BEIJING (CHINA DAILY/ASIA NEWS NETWORK) - More than 1,300 fugitives, including 307 corrupt government officials, were repatriated to face trial in China last year as the National Supervisory Commission made progress in promoting law enforcement cooperation with other countries.
The commission said 1,335 fugitives were brought back to China in 2018, with over 3.5 billion yuan (S$702 million) in ill-gotten gains recovered. The number of fugitives and amount of funds recovered rose by 3 per cent and 261 per cent, respectively, year-on-year.
Mr La Yifan, director of the Chinese Communist Party's (CCP) Central Commission for Discipline Inspection's (CCDI) International Cooperation Bureau, said: "The successful extradition and repatriation of the fugitives demonstrates the country's resolute determination to fight cross-border corruption. In particular, since the country started to reform the anti-graft system in March, the newly established supervisory commission has turned its institutional advantage into effective governance."
Since late 2012, when the current leadership took office, the anti-graft campaign has been a top priority nationwide. In October 2017, President Xi Jinping said during the 19th CCP National Congress: "No matter where fugitives escape to, we will make every effort to capture them and bring them to justice."
At international forums, Mr Xi has stated repeatedly that China will strengthen law enforcement cooperation with other nations to combat cross-border corruption and dissuade other countries from offering safe havens to fugitives.
In 2015, China launched the Skynet campaign to apprehend fugitives and confiscate their illicitly gained assets.
The commission said 5,201 economic fugitives were returned to face trial from 120 countries and regions from June 2014 to the end of 2018, including 1,063 corrupt officials. At the same time, 13.16 billion yuan in illicitly gained assets was recovered.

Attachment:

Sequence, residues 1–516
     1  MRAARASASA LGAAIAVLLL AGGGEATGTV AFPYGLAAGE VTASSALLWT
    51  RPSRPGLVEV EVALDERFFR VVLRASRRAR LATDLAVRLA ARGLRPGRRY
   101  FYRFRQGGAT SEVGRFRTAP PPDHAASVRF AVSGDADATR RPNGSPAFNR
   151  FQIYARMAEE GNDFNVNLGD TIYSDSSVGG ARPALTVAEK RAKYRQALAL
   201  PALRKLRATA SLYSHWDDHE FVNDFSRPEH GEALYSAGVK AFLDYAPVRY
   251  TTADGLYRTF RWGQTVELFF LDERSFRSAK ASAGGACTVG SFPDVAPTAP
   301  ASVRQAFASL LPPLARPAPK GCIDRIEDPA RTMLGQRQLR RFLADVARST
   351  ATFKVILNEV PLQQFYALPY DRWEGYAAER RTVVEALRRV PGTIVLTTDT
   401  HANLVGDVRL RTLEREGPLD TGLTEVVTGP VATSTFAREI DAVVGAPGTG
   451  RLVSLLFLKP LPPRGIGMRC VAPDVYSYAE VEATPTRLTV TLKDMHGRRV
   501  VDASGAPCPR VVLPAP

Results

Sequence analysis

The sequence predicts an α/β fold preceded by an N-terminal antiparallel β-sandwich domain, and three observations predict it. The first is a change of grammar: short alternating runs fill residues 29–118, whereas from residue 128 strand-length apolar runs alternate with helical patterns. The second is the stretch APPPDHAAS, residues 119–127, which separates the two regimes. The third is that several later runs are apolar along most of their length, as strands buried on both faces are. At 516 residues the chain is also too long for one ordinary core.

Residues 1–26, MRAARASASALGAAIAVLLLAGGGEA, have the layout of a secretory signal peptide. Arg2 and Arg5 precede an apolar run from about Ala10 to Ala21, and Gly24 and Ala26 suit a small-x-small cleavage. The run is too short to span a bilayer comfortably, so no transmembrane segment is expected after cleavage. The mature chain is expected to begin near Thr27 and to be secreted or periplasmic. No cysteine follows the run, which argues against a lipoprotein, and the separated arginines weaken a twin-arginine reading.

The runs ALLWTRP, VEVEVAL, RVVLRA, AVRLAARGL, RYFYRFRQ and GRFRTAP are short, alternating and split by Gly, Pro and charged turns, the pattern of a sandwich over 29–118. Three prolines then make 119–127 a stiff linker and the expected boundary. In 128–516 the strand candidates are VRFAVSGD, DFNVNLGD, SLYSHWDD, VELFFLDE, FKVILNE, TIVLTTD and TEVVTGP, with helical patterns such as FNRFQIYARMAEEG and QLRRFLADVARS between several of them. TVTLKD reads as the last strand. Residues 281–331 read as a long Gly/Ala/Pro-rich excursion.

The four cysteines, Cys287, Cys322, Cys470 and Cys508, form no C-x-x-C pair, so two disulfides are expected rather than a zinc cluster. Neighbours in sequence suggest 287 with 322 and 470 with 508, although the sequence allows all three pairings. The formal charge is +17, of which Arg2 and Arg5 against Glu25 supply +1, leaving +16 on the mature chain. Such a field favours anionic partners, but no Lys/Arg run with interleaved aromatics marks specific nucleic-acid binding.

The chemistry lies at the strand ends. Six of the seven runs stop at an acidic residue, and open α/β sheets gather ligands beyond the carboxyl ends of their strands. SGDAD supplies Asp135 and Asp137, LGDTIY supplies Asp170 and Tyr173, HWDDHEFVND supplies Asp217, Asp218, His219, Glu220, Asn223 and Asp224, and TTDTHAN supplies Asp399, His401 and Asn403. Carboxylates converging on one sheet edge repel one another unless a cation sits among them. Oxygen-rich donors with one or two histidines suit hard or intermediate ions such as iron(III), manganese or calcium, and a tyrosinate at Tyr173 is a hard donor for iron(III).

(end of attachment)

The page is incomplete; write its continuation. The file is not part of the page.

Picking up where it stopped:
The CCDI added that local branches were set up nationwide and the Supervision Law took effect in March. Under this law, the commission coordinates with other authorities to strengthen judicial cooperation in the fight against corruption, the investigation of cases and the extradition of fugitives.
Dr Jiang Laiyong, a researcher at the Chinese Academy of Social Sciences' China Anti-Corruption Research Centre, said: "Since the commission set up branches, the country has integrated anti-corruption resources, and judicial officials will send professional investigation teams to improve the capability to seize fugitives and recover their ill-gotten gains."
According to the National Commission of Supervision, last year China signed five new extradition treaties, four judicial assistance agreements and four financial intelligence exchange agreements with other countries.
The International Criminal Judicial Assistance Law, which took effect on Oct 26, provided judicial officials with the authority to combat cross-border corruption.
It clarified the conditions and procedures for repatriating criminals as well as specifying the duties of each judicial department. It also made clear the procedures for investigation requests and the collection of evidence generated by China or other countries.
Twelve fugitives in six nations, including South Korea, Bulgaria, Spain and Portugal, were also extradited to China last year.
In 2015, Interpol issued Red Notices for the 100 most-wanted corrupt Chinese fugitives. To date, 56 have returned to the country from more than 17 nations and regions to stand trial.
An Interpol Red Notice is a request to locate and provisionally arrest an individual pending extradition.